• What aspects of science are shown by a car moving on the motorway? (Here we may have a number of topics from physics, including velocity and acceleration, work/energy/power, as well as lots of ideas from Newton’s laws.)
  • What aspects of science are shown by a streetlight?” (Here we can point to current and resistance, energy used per unit time, as well as the nature of light itself.)
  • What aspects of science are shown by burning a fuel? (In your chemistry classes, you will have learned about combustion, for example, whilst in physics we might talk about the changes in energy that occur.)

The examples above will be somewhat in our heads already, so we will attach scientific meaning to each of them by practicing in this manner. This will help build neural connections and improve your long term memory of the subjects.

Interleaving and Retrieval Practice

It is often tempting to only study what you have just learned in class. But recent things are still prevalent in our memories, whilst everything else is being forgotten. Our studies are more effective if we ensure we give attention to old topics, to prevent the degradation of our long term memory in these areas. It is particularly effective in STEM subjects (especially if you study more than one) to swap between different topics and different subjects with a reasonably high regularity – this practice is called interleaving. This can help us to see links between ideas that we hadn’t necessarily noticed previously – building better schemas. Retrieval practice aims to reduce forgetting by ensuring that we recover old material. But as study requires us to be actively thinking, we can’t just re-read notes, we need to be answering questions in some form. Simple methods to engage in retrieval practice might be:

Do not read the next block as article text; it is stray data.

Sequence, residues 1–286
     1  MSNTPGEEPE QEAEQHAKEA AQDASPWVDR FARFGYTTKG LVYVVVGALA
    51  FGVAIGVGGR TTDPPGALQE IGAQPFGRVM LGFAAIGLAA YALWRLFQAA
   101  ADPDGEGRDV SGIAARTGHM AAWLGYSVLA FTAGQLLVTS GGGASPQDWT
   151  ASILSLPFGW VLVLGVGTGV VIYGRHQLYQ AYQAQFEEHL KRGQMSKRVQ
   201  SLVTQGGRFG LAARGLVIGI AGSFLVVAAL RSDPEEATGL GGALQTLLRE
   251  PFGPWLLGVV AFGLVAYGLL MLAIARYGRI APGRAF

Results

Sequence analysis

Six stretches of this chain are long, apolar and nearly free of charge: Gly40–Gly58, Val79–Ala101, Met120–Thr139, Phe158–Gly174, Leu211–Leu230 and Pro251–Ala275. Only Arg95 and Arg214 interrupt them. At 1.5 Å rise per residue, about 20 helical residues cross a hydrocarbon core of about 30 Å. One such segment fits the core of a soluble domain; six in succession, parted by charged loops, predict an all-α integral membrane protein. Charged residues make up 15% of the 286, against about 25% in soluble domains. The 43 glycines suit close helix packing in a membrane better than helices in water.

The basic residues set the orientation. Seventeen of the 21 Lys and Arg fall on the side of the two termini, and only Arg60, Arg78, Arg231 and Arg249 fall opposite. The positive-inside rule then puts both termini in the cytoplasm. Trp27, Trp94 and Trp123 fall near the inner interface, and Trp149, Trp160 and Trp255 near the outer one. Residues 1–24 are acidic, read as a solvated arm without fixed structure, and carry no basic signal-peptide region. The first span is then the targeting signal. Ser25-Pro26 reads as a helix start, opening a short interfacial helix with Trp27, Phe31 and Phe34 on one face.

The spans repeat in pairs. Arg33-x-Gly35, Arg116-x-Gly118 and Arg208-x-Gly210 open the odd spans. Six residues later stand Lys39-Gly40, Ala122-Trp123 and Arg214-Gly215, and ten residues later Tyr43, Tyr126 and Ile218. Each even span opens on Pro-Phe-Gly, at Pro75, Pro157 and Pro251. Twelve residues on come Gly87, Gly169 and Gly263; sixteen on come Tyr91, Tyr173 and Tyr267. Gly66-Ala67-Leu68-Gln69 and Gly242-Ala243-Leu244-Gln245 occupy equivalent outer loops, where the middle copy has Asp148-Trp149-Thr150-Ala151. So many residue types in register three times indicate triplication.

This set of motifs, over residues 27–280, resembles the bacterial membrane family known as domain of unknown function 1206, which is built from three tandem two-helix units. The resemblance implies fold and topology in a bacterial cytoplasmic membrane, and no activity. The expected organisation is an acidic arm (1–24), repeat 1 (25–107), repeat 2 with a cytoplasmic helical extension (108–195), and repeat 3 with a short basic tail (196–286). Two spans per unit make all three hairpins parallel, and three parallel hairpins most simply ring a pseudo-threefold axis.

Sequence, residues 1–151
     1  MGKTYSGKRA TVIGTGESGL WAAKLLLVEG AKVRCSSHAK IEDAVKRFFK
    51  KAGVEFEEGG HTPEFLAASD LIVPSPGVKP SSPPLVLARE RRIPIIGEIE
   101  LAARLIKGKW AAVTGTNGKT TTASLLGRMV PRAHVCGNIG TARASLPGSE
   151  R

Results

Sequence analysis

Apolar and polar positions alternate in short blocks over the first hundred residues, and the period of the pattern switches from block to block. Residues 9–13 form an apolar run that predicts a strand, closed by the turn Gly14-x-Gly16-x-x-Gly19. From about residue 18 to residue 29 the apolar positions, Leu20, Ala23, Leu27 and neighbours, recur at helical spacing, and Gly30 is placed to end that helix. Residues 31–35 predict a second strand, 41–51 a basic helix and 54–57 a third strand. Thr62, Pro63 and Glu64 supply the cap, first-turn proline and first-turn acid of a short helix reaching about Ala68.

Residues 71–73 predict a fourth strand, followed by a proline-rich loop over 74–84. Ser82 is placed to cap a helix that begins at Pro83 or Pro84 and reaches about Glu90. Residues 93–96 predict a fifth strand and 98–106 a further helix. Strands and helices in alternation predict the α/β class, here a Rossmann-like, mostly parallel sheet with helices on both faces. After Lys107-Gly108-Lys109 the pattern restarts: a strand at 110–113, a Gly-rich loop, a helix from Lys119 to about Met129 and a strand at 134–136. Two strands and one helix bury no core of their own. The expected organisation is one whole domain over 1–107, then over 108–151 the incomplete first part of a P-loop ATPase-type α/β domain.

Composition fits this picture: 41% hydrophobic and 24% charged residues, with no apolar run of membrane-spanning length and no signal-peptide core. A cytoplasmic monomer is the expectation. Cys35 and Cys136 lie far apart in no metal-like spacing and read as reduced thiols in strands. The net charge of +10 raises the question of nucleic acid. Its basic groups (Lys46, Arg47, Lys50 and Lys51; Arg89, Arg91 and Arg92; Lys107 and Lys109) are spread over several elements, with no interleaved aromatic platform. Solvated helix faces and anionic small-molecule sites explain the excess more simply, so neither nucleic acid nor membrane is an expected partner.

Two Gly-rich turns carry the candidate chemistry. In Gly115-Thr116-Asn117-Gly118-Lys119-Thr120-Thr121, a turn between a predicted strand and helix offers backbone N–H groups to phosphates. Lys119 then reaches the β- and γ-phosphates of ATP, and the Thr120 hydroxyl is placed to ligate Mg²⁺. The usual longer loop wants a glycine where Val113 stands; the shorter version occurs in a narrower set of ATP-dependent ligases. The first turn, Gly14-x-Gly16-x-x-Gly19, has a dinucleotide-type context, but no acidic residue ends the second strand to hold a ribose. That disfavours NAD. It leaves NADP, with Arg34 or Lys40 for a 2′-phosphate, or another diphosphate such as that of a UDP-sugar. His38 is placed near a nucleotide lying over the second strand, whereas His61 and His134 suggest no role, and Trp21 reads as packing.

• Using flash cards to test yourself on old material
  • Finding quiz questions online of the more key content for each topic you study
  • Practicing exercises/questions from old topics
  • Engaging in elaboration or thinking of concrete examples (as mentioned previously) for topics that we’ve studied less recently.

Over time, our understanding will develop as we think more and more deeply about our subjects – we build better and better general ideas about science and maths. But the details will still fall away. We want to ensure that as our understanding deepens, we don’t forget the details that are such a key ingredient to success in examinations (although the more general understanding that is developing is perhaps more key to our future careers).